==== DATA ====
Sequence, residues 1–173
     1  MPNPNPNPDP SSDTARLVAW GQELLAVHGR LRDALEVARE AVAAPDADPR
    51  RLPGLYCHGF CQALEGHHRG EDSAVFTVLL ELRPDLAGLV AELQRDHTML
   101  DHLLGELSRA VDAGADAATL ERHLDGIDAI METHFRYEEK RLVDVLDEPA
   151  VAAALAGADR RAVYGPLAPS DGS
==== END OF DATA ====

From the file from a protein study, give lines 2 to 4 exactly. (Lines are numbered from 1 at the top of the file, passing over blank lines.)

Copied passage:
     1  MPNPNPNPDP SSDTARLVAW GQELLAVHGR LRDALEVARE AVAAPDADPR
    51  RLPGLYCHGF CQALEGHHRG EDSAVFTVLL ELRPDLAGLV AELQRDHTML
   101  DHLLGELSRA VDAGADAATL ERHLDGIDAI METHFRYEEK RLVDVLDEPA